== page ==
What is your first memory of music?
Take a moment , what comes to mind... here are some of ours
John - Leaning against a window in my front room in a terrace cottage on Alfred Street, having watched a man come carrying a violin case to a house across the tiny street. There was a piano, a guitar, the fiddle and maybe a double bass and a drawing room tenor, I listened to it all, I've often thought what a lovely way to spend an evening, heart-warming.
Someone walks across room with violin case, a guitar
Mabel - I was born 3 months before the Great War, in the air raids we went downstairs. The all clear was played by boys on bicycles playing trumpets, two notes, the tune was “Come to the Cookhouse door boys”. Make trumpet sound of Come to the Cookhouse…etc
There was always a background of music.
Mary - There was always music in my home too - I picked up the Teddy Bears Picnic from the radio when I was 2 and half, three and classical music came from choirs, my mother sang in choirs until I went to school. I remember Hiawatha
The Teddy Bear’s Picnic
Berry - My mother played the violin so that would have been my first music. She had been a professional player till I was born then became a teacher, it was not a great memory as the sound of the violin meant she was working, it took her away from me and my sister.
A snatch of violin music
Silvia - My mother was a very good pianist with a sweet pretty voice, there is an old home recording of her, musty. She was jealous of me when I went to the Royal College to sing.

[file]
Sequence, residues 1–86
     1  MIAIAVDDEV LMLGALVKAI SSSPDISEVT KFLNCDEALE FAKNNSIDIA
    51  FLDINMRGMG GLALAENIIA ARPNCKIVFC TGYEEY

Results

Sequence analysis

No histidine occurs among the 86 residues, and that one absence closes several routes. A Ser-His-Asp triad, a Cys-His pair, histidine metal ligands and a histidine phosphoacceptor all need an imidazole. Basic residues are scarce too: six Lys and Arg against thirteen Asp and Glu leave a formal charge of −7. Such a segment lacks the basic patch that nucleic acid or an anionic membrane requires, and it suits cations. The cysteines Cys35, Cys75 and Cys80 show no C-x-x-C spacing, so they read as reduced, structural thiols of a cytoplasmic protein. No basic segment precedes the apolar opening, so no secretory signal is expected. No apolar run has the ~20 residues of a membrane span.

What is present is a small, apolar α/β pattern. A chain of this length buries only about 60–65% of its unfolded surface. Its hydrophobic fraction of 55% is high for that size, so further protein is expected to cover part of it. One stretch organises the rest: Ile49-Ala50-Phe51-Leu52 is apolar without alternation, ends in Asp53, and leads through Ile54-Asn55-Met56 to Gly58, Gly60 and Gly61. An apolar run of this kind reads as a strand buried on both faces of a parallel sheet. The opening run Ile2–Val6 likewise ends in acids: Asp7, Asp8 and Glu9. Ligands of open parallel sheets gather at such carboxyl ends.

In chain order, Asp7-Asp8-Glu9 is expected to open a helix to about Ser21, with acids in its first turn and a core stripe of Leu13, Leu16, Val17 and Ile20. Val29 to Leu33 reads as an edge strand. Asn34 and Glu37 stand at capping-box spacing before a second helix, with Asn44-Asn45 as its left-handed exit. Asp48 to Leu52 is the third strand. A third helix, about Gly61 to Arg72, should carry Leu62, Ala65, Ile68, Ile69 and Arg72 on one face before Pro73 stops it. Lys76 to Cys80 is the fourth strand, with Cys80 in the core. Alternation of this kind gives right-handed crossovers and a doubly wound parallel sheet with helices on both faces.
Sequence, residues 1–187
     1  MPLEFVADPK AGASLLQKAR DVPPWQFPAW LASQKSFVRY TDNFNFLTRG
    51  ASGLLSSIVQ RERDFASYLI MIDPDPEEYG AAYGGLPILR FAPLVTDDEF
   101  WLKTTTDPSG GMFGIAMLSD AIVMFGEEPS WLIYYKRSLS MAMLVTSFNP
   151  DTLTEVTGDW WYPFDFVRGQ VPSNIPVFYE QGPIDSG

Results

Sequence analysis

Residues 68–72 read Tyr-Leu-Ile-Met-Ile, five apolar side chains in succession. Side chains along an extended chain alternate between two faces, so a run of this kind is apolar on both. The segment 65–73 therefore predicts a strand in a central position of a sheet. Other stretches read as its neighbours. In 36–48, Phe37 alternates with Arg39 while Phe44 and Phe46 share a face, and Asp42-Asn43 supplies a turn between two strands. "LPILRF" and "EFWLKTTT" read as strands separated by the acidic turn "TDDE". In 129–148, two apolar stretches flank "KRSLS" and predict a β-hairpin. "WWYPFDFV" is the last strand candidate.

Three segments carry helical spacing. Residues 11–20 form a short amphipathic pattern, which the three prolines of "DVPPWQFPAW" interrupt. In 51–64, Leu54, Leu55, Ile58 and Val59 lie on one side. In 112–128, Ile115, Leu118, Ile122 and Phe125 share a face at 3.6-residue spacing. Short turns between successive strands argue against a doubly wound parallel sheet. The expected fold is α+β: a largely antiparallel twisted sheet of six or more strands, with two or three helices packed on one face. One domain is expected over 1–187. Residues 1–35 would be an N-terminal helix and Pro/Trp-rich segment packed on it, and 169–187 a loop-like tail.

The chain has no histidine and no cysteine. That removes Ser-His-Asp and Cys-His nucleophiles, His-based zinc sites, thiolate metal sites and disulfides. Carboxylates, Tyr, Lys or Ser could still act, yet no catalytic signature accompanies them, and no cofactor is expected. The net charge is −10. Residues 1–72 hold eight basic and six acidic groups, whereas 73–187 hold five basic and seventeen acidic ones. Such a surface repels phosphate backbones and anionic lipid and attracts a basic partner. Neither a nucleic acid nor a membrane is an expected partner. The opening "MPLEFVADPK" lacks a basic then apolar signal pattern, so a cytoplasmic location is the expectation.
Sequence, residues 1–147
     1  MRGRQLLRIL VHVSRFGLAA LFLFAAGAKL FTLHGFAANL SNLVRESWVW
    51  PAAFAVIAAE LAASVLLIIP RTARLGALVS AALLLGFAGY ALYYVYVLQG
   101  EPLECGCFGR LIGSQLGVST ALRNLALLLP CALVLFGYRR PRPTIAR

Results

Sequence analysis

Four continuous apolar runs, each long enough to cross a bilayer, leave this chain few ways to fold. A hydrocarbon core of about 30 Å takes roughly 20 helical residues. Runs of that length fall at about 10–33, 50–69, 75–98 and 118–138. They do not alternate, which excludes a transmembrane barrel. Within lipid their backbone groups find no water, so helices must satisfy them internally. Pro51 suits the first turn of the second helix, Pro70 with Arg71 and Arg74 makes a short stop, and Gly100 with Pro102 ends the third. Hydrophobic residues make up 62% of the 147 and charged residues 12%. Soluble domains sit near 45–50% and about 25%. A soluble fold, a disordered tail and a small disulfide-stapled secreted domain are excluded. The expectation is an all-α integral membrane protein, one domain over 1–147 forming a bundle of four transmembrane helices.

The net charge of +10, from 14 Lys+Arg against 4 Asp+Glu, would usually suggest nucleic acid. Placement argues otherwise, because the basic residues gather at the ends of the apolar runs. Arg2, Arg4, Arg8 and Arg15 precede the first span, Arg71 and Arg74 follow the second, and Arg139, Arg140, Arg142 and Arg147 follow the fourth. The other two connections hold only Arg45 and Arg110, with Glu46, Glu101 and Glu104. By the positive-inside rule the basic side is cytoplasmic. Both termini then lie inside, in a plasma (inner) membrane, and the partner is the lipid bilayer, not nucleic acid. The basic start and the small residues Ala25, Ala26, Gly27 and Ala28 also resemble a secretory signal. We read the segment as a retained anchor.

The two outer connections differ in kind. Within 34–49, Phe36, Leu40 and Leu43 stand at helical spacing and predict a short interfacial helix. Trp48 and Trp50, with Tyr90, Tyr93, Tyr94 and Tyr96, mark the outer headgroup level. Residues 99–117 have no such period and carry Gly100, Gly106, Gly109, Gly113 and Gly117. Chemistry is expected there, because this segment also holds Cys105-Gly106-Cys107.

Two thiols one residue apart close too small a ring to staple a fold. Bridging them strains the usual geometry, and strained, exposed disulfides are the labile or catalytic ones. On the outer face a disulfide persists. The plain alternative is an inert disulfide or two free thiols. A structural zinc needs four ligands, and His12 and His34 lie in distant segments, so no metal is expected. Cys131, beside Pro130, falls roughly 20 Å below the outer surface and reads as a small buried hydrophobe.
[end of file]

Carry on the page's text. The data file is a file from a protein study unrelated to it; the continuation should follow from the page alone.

Recording of old soprano singing with piano
Jean – My first memory of music...well there was a second hand shop, Hilda my best friend and I used to rummage in the man’s bits, he used to say “bugger off, don't keep touching things!” A Jewish man. We found a huge cardboard box - 'can we look' we found a huge record Enrico Caruso singing Pagliacci 'can we buy it?' A bob, we put our money together. we took it to Gertrude, Hilda's mum, to play it 'don't break it.' I thought we had been diddled as it was only on one side, we put it on and wound it up. We stopped in our tracks - the sobs, the clown's story. We used to play it and play it that old record in the heavy paper sleeve. It was the first time I heard such singing, such perfection.
A moment from Pagliacci – Pavarotti
Sylvia - When I was evacuated my older sister, six years older, and her boyfriend played the piano we used to sing and sing, Londonderry Air, You are my Sunshine. My Dad played the harmonica, the saw, the spoons and sang, he was a tenor. I remember Claire de lune.
All sing a snatch of Londonderry Air
Betty - We were evacuated too, to Somerset. We used to climb the lovely old apple tree, all eight of us, and sing for hours and hours.
All sing: Don’t sit under the Apple Tree